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Offline Supercryptid

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Questions.
« on: 03/06/2005 22:29:39 »
Photons are generally accepted as having a rest mass of zero. However, since they are never actually "at rest", does that mean they do have a true mass? Similarly, do photons ever exhibit gravitational fields? Are mass and energy the exact same thing, or two seperate things that are merely interchangable?

A further photon question regarding gravity: Imagine that you have a sphere that is mirrored on the inside, and the sphere contains light. The mirrored interior is a "perfect" mirror, that reflects all light without absorption, so the light inside bounces around. Since light is composed of bosons, this sphere can be filled with as much light as you want, since bosons can occupy the same space as other bosons. The light inside this sphere obviously contains a certain level of energy. If there is enough energy in this light, will the sphere collapse into a blackhole? Let's say that the sphere has a radius that is smaller than the Schwarzchild Radius of the mass equivalent of the energy of the light inside of it. Does it collapse into a blackhole? Is this light-filled sphere any more massive than the same sphere would be if it was empty?


 

Offline gsmollin

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Re: Questions.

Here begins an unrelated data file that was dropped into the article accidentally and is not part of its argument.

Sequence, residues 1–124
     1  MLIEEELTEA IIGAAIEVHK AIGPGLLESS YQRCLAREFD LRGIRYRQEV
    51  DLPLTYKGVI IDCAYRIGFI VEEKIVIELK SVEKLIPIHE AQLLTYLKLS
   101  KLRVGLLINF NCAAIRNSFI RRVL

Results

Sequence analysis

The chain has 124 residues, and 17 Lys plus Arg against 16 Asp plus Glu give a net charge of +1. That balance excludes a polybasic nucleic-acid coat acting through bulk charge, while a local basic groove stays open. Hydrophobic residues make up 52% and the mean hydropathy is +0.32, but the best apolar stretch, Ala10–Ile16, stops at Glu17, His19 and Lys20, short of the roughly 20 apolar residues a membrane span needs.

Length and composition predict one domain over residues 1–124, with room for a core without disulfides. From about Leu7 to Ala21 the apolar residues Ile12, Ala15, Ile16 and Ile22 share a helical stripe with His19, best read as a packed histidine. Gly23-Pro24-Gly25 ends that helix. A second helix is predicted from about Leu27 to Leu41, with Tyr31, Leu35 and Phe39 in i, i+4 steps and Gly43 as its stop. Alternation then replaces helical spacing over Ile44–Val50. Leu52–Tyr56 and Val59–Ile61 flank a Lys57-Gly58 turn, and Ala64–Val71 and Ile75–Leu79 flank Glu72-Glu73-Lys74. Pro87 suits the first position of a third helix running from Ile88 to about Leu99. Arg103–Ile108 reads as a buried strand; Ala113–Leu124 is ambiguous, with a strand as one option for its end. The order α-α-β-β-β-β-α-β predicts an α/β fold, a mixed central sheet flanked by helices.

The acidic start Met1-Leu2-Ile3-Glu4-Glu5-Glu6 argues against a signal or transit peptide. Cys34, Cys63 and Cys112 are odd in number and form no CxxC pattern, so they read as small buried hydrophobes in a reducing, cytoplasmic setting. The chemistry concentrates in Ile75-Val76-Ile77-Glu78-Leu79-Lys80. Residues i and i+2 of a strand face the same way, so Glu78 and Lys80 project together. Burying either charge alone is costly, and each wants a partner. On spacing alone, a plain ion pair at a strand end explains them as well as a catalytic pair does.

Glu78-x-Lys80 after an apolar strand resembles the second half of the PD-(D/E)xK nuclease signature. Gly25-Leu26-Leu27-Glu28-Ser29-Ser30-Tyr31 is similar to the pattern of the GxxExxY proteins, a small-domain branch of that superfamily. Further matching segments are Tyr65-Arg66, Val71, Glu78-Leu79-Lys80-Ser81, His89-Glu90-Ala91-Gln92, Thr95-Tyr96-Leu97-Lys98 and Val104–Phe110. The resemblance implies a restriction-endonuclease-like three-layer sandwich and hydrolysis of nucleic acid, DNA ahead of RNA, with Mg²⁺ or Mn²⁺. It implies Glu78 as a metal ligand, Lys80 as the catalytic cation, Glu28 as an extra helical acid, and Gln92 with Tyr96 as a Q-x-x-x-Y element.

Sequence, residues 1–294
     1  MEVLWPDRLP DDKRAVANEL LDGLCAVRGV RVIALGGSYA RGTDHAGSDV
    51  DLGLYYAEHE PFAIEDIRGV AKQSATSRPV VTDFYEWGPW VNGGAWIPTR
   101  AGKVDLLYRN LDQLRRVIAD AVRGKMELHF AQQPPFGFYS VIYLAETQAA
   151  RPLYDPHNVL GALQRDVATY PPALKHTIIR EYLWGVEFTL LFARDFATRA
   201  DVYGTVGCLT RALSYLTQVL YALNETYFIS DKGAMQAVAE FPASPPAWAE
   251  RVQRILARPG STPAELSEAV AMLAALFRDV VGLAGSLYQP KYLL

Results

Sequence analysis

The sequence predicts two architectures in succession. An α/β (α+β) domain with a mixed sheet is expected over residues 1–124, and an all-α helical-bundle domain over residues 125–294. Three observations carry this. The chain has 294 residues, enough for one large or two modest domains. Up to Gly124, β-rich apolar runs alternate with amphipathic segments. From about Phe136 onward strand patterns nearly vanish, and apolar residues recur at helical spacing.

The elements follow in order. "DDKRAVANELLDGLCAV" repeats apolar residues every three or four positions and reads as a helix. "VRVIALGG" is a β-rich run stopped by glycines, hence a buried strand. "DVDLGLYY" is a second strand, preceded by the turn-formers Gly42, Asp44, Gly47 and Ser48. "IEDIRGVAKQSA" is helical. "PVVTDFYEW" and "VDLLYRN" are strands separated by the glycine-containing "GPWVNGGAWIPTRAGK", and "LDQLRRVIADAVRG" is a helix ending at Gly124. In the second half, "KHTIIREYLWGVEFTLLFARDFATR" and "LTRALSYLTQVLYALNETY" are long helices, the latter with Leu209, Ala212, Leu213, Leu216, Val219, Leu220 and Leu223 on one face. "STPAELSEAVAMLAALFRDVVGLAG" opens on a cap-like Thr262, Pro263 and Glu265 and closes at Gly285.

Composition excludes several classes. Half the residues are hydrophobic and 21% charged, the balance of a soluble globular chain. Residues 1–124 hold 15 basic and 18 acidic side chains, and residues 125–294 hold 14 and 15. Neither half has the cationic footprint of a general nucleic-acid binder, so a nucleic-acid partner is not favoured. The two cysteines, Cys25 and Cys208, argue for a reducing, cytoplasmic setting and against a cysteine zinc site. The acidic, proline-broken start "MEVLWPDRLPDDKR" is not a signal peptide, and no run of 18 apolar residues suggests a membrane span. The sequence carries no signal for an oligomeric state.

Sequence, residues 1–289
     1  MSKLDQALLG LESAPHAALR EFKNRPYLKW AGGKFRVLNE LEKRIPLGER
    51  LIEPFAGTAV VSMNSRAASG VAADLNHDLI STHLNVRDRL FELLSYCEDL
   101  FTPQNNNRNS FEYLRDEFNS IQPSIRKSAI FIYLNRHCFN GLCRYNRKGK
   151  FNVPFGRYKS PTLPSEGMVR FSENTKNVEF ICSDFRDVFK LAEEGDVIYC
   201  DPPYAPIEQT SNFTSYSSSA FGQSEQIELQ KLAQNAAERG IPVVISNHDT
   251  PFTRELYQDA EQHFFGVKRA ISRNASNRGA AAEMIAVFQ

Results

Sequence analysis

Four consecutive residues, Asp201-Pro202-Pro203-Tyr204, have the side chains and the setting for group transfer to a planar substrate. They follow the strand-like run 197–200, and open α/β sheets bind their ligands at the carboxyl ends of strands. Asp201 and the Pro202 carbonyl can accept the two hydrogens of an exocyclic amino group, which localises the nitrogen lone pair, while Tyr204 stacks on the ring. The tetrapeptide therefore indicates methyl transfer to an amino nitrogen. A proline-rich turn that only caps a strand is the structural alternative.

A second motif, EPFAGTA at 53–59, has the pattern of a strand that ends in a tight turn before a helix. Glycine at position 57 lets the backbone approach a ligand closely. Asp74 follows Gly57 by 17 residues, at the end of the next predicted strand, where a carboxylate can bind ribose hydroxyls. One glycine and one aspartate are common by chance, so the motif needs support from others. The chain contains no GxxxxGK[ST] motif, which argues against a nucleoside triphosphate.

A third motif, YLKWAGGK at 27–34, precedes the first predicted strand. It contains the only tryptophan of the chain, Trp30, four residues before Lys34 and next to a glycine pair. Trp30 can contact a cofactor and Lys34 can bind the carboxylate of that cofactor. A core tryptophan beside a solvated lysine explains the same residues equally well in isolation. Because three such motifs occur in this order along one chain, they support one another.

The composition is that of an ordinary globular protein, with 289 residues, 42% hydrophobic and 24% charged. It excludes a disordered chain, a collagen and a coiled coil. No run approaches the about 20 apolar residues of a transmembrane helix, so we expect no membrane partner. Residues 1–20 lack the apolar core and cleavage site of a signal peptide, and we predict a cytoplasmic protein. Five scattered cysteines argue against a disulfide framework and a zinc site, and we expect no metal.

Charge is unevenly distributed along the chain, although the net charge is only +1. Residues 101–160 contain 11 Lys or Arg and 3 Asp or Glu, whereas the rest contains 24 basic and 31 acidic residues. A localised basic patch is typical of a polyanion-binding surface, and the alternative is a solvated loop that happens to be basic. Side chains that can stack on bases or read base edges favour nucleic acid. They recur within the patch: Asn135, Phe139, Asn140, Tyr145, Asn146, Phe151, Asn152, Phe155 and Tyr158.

« Reply #1 on: 04/06/2005 05:57:20 »
Photons are generally accepted as having a rest mass of zero. However, since they are never actually "at rest", does that mean they do have a true mass?

 Photons have a moving mass given by m=E/c^2. Their rest mass is zero.

Similarly, do photons ever exhibit gravitational fields?

 Yes. This was the first test of general relativity: The bending of a ray of starlight as it passed near the sun during a solar eclipse. It demonstrated that light has mass and a gravitational field always accompanies a mass.

Are mass and energy the exact same thing, or two seperate things that are merely interchangable?

They are separate things. They can be interchanged under the right conditions, but not spontaneously.

A further photon question regarding gravity: Imagine that you have a sphere that is mirrored on the inside, and the sphere contains light. The mirrored interior is a "perfect" mirror, that reflects all light without absorption, so the light inside bounces around. Since light is composed of bosons, this sphere can be filled with as much light as you want, since bosons can occupy the same space as other bosons. The light inside this sphere obviously contains a certain level of energy. If there is enough energy in this light, will the sphere collapse into a blackhole?

Classically, yes. Quantum mechanics says maybe. It's one scenario for the generation of primordial black holes. These conditions existed a small fraction of a second after the big bang.

Let's say that the sphere has a radius that is smaller than the Schwarzchild Radius of the mass equivalent of the energy of the light inside of it. Does it collapse into a blackhole? Is this light-filled sphere any more massive than the same sphere would be if it was empty?

Yes.
« Last Edit: 04/06/2005 05:59:02 by gsmollin »
 

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Re: Questions.
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